Human defensins, aptly named antimicrobial peptides, are made in immune system cells and epithelial cells (such as skin cells and cells that line the gut). One of these peptides, human neutrophil peptide 1, under certain circumstances hinders HIV infection, but exactly how it works remains unclear.
HIV entry into mature T-helper cells (cells essential to the immune system) proceeds by attachment of the virus to specific targets on T-helper cells, uptake of the virus, fusion of its envelope with the cell membranes, and release of the virus into the cells. In a forthcoming Journal of Biological Chemistry Paper of the Week, Gregory Melikyan at Emory University and colleagues investigated the ability of human neutrophil peptide 1 to impede each step of this process.
Using model cell lines, Melikyan's group showed that human neutrophil peptide 1 effectively prevented HIV entry into cells in multiple ways. First, human neutrophil peptide 1 reduced the number of specific targets on the cells available for HIV attachment. Second, this defensin also bound to specific targets on both the HIV envelope and the cells, preventing early and late stages of HIV-cell fusion. Finally, human neutrophil peptide 1 prevented HIV uptake into the cells without compromising the general ability of the cells to engulf other molecules.
While human neutrophil peptide 1 hinders HIV entry into cells under these lab conditions, it does not do so as effectively in the presence of serum -- meaning that it may not be as successful at blocking HIV in our bodies. But Melikyan's team showed that human neutrophil peptide 1 remained attached to its specific targets in the presence of serum, despite its reduced efficacy. Their work suggests that the structure of human neutrophil peptide 1 is important for its anti-HIV activity, and they propose that serum may interfere with the ability of this defensin to form complexes, reducing its ability to block HIV.
"Our work provides new insights into the ability of defensins to recognize and neutralize diverse pathogens, including HIV," Melikyan says. This research reveals that human neutrophil peptide 1 can bind various viral and cellular targets and that a previously unappreciated feature is essential for its anti-HIV activity, possibly its propensity to form large complexes, Melikyan explains.
The team's findings suggest a new avenue of research for combatting HIV and viruses that infiltrate cells in a similar manner.
From the article: "Multifaceted mechanisms of HIV-1 entry inhibition by human alpha-defensin" by Lusine H. Demirkhanyan, Mariana Marin, Sergi Padilla-Parra, Changyou Zhan, Kosuke Miyauchi, Maikha Jean-Baptiste, Gennadiy Novitskiy, Wuyuan Lu, and Gregory B. Melikyan (to be published in the Aug. 17 issue of the Journal of Biological Chemistry and currently online as a Paper in Press at http://www.jbc.org/content/early/2012/06/25/jbc.M112.375949.full.pdf)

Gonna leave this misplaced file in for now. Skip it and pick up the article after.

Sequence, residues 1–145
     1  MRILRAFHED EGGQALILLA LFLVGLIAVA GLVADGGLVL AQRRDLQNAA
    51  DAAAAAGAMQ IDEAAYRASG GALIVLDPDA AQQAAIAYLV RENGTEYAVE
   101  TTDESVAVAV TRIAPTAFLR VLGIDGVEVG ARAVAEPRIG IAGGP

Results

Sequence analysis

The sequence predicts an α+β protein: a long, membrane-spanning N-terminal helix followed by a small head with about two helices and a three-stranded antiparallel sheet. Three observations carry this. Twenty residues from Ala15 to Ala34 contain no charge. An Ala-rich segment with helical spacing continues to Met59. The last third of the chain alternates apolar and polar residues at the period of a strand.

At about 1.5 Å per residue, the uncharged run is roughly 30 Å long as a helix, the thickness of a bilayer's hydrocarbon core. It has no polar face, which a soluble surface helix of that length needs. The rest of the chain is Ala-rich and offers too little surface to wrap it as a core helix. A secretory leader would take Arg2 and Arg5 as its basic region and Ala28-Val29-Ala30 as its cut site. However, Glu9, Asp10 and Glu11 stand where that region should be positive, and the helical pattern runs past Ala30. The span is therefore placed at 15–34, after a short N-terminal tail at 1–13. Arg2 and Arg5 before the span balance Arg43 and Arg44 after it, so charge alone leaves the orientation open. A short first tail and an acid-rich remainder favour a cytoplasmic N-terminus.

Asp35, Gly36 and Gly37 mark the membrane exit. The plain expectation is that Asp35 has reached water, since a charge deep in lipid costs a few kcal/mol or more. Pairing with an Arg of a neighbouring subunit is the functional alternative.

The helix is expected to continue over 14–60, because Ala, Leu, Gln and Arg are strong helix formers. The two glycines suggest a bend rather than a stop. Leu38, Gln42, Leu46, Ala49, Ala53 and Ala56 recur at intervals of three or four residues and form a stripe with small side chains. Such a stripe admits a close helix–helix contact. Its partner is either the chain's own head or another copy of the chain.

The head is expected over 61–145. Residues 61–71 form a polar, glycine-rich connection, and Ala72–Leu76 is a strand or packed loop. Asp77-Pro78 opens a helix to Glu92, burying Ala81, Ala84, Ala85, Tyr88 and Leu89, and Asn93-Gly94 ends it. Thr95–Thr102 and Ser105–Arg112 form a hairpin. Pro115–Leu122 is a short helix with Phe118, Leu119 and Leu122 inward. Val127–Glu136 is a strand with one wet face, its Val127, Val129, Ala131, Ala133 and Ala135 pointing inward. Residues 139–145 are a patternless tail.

Corresponding author: Gregory B. Melikyan, Department of Pediatrics Infectious Diseases, Emory University in Atlanta, GA, USA; email: email@example.com
Written by Danielle Gutierrez
Angela Hopp | EurekAlert!
Enduring cold temperatures alters fat cell epigenetics
19.04.2018 | University of Tokyo
Full of hot air and proud of it
18.04.2018 | University of Pittsburgh
Study published in the journal ACS Applied Materials & Interfaces is the outcome of an international effort that included teams from Dresden and Berlin in Germany, and the US.
Scientists at the Helmholtz-Zentrum Dresden-Rossendorf (HZDR) together with colleagues from the Helmholtz-Zentrum Berlin (HZB) and the University of Virginia...
Novel highly efficient and brilliant gamma-ray source: Based on model calculations, physicists of the Max PIanck Institute for Nuclear Physics in Heidelberg propose a novel method for an efficient high-brilliance gamma-ray source. A giant collimated gamma-ray pulse is generated from the interaction of a dense ultra-relativistic electron beam with a thin solid conductor. Energetic gamma-rays are copiously produced as the electron beam splits into filaments while propagating across the conductor. The resulting gamma-ray energy and flux enable novel experiments in nuclear and fundamental physics.
The typical wavelength of light interacting with an object of the microcosm scales with the size of this object. For atoms, this ranges from visible light to...
Stable joint cartilage can be produced from adult stem cells originating from bone marrow. This is made possible by inducing specific molecular processes occurring during embryonic cartilage formation, as researchers from the University and University Hospital of Basel report in the scientific journal PNAS.
Certain mesenchymal stem/stromal cells from the bone marrow of adults are considered extremely promising for skeletal tissue regeneration. These adult stem...
In the fight against cancer, scientists are developing new drugs to hit tumor cells at so far unused weak points. Such a “sore spot” is the protein complex...
In an article that appears in the journal “Review of Modern Physics”, researchers at the Laboratory for Attosecond Physics (LAP) assess the current state of the field of ultrafast physics and consider its implications for future technologies.
Physicists can now control light in both time and space with hitherto unimagined precision. This is particularly true for the ability to generate ultrashort...
13.04.2018 | Event News
12.04.2018 | Event News
09.04.2018 | Event News
19.04.2018 | Materials Sciences
19.04.2018 | Physics and Astronomy
19.04.2018 | Physics and Astronomy